Cairo – Egypt’s interior ministry has finally admitted to the French reports that the suspect of the Louvre museum attack on Friday is Egyptian.
The Ministry of Foreign Affairs issued a statement on Saturday, through which it expressed Egypt’s condemnation of the attack that took place on Friday in the French capital of Paris. The statement asserted Egypt’s support of France in countering terrorism.
According to the statement, the ministry asked the international community to intensify its efforts in facing the phenomenon of terrorism that is targeting the stability and security of nations.
“Egypt’s nation and government are supporting the French people and government in facing terrorism, following the terrorist attack executed by a man who carried a knife and targeted security personnel in front of the Louvre museum,” the statement read.
The statement didn’t mention the attacker, yet it revealed the Egyptian officials believed suspect is Egyptian.
During a press conference, Paris police chief said that the attacker yelled “Allahu Akbar,” before assailing the soldier, who was slightly injured.
Abdallah el-Hamahmy, 29, was near the museum while waving a machete and two knives on Friday morning. He was shot four times by soldiers after attacking one of them with a machete when he was denied entrance to the shopping center next to the famed gallery.
Parisian police said he had been carrying a bag with a second machete and spray cans filled with paint but no explosives.
French Prime Minister Bernard Cazeneuve called the attack “terrorist in nature”.
The Egyptian national, who arrived in Paris last week on a tourist visa issued in Dubai, is currently in hospital but his condition is no longer being described as life-threatening.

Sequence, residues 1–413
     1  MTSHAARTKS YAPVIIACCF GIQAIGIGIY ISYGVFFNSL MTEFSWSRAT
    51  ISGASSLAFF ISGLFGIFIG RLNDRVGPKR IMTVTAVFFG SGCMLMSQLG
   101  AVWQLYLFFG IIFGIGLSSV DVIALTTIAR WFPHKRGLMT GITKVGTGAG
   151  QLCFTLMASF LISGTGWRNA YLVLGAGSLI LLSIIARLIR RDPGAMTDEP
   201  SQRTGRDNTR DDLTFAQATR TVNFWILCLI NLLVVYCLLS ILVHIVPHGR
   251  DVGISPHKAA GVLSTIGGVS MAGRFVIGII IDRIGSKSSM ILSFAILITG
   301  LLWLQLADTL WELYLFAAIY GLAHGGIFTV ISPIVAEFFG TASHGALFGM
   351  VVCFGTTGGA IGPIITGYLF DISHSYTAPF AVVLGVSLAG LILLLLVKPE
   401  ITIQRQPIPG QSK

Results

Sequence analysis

Reda el-Hamahmy, father of the man accused, has denied he belonged to any Islamist groups. He said that his son had no criminal record or known links to extremist organizations, was a “very normal young man”.
The father was shocked to learn of his son’s involvement in the attack and found out the news from Facebook. He told Reuters: “Is he alive? Is he dead? Was it really him?”
Colonel Khaled Okasha told Asharq Al-Awsat newspaper that the Egyptian suspect is a “lone wolf” adding that nothing is definitive at the moment. He explained that tweets attributed to him are similar to those of terrorists who have executed similar attacks.
Okasha said that the “lone wolf” scenario must not be ruled out, as he could have been remotely recruited.
A Twitter profile by his name showed 12 messages in the minutes running-up to morning’s assault, with one saying: “In the name of Allah… for our brothers in Syria and fighters across the world.”
In another tweet in Arabic written shortly before the Louvre attack, the account posted: “No negotiation, no compromise, no letting up, certainly no climb down, relentless war.”
The account has been since suspended and the police is investigating the tweets.